“There are reinforcements approaching!” The sound of combat from the northwest drifted over as a second legion, bearing three more meat wagons and two cho’thaki cages, came to aid them. Levitating one of the meat wagons, I tossed it at them, scattering them and mowing down several more zombies. The meat wagons fired again as battle began anew, collapsing the roof of the tower. I levitated half of it, tossing at a cho’thaki cage to halt the zombies from opening it. Lirial reinforced this with her druidic powers, wrapping constricting icethorns around one of the cages, causing a cho’thaki to screech in pain.

I lifted up the rest of the roof, as well as a broken cannon, as another shot hit the tower. I tossed them at a cho’thaki cage, and the cho’thaki were quickly silenced by the battering. Evacuating the tower, we headed into the rest of the camp, where forces were still attacking the north and west.

In the western flank, I busied myself with gargoyles that were dealing significant damage to the hippogryph riders, as sha and undead attacked the Argent line. Sathreyn took point, creating a shield to protect the recruits from the Sha, while Edanna began a reinvigorating song.

The gargoyles moved at once. Their flight, their casting, right down to the blinking of their eyes. All the action happened at once and then it was like they froze, flickering in and out like a torch. Sorlain’s puppet-masters were doing poorly, and the same thing was happening with the undead on the ground. I began to conjure several scores of weak lights, coloured orange to resemble fireballs, and launched them at the gargoyles, using telekinesis to speed them up and make it appear like each gargoyle was being attacked on all sides. Sure enough, it worked, and they frazzled, the movement too much for their controller to cope with. Several crashed into each other and the reinforced Hippogryph riders, along with the android, took them all down-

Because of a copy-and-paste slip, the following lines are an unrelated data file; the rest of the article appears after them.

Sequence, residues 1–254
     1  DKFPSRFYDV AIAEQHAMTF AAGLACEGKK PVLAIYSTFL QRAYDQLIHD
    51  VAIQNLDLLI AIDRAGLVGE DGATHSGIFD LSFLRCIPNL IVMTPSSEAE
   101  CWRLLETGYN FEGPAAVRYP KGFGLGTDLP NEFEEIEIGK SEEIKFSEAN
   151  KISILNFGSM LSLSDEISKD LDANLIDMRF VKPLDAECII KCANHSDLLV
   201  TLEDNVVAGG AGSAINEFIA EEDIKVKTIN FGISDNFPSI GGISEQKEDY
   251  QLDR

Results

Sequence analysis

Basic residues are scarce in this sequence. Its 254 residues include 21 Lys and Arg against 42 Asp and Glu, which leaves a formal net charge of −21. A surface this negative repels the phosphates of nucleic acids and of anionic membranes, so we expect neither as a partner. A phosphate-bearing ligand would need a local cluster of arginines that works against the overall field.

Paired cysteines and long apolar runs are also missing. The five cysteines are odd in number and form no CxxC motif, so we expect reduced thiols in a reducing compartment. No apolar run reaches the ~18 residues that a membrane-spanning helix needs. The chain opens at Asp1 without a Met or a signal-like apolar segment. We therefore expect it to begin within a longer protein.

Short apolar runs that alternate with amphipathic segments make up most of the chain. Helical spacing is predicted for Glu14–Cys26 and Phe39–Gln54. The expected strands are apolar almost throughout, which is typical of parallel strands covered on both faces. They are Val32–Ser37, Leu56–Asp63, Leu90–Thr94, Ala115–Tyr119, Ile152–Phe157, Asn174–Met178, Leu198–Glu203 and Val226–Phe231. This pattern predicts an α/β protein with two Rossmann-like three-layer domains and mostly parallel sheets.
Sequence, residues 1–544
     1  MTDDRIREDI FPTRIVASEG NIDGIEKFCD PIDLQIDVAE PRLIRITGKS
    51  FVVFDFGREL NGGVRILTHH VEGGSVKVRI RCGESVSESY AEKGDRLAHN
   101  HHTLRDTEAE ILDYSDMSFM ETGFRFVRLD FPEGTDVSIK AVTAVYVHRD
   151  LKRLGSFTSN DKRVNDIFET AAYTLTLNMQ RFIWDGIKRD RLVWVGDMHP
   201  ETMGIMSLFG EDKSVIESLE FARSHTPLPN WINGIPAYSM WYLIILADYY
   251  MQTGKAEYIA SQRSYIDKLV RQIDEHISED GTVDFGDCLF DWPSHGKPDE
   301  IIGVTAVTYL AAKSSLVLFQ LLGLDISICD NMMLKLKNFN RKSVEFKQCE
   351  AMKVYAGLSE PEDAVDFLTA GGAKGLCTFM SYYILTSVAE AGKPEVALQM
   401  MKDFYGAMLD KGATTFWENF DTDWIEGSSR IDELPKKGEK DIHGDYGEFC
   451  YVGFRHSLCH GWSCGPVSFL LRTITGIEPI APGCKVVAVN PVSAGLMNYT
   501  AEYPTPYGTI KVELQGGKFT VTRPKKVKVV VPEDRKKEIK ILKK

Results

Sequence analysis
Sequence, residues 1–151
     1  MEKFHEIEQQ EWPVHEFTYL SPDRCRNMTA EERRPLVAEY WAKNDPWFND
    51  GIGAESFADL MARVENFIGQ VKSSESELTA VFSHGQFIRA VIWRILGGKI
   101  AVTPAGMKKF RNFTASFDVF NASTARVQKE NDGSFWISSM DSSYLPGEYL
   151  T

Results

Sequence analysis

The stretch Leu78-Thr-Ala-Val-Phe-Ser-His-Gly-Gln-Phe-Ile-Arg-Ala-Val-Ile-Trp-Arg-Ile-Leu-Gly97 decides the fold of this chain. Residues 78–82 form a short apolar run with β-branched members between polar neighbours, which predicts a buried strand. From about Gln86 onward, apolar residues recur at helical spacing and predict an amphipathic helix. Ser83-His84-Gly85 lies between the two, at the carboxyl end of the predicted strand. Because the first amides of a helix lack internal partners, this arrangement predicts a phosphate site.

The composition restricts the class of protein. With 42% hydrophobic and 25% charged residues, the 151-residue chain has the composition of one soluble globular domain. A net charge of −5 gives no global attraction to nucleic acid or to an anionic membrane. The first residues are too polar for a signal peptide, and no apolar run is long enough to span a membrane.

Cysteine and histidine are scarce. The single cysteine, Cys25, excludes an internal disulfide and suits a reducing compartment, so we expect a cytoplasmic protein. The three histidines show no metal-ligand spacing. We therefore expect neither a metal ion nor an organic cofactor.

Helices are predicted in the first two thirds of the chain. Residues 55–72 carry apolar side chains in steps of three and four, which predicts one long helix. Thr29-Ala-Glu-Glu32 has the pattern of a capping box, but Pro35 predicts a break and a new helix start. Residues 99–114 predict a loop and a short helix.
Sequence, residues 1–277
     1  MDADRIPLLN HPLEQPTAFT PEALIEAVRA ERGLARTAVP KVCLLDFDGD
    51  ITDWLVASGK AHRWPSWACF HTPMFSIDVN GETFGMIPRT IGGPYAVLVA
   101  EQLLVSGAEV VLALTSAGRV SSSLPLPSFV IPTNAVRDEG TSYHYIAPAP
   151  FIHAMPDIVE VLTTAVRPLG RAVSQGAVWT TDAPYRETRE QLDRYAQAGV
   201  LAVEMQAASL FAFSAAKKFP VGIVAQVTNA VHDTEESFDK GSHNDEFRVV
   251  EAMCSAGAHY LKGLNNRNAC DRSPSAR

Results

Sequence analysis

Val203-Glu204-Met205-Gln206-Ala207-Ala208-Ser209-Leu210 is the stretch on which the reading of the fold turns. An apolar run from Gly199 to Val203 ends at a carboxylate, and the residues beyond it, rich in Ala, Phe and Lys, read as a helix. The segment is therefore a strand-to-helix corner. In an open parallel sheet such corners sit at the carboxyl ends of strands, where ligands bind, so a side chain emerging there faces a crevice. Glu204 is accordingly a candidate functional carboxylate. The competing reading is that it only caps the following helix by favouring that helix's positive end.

-as a shower of arrows cut through the wings of the hippogryphs, sending half of them down to the floor.

“We’re under attack! Rangers, from the east!” I called out over the communicators, as the android charged off in the direction of the arrows, closely followed by Sathreyn’s troops. The undead had all been taken down, and the Crusaders maintained the line against the Sha, who were falling back with no negative emotion to cling onto. Edanna moved towards the cliffs to reinforce the Argent ships.

Bududu Bududuu Whuzzz

The mysterious noise got louder. The clouds above our heads were moving faster than normal.

No. He couldn’t.

Another shower of arrows came towards us from the south, and I called upon the arcane, creating a force barrier which reflected the arrows with ease.

“Something’s coming.”

Edanna rounded back in from the north as I attempted to detect where the rangers would teleport to next. Counter-spelling their teleport just in time, I pulled back their cloaking to reveal a cadre of Crimson Hand rangers. Caught by surprise, they attempted to flee, and Edanna quickly polymorphed them into turtles. Lightning flashed across the sky, and Sathreyn dashed into the valley to try and collect the turtles (who had all begun rolling towards their deaths).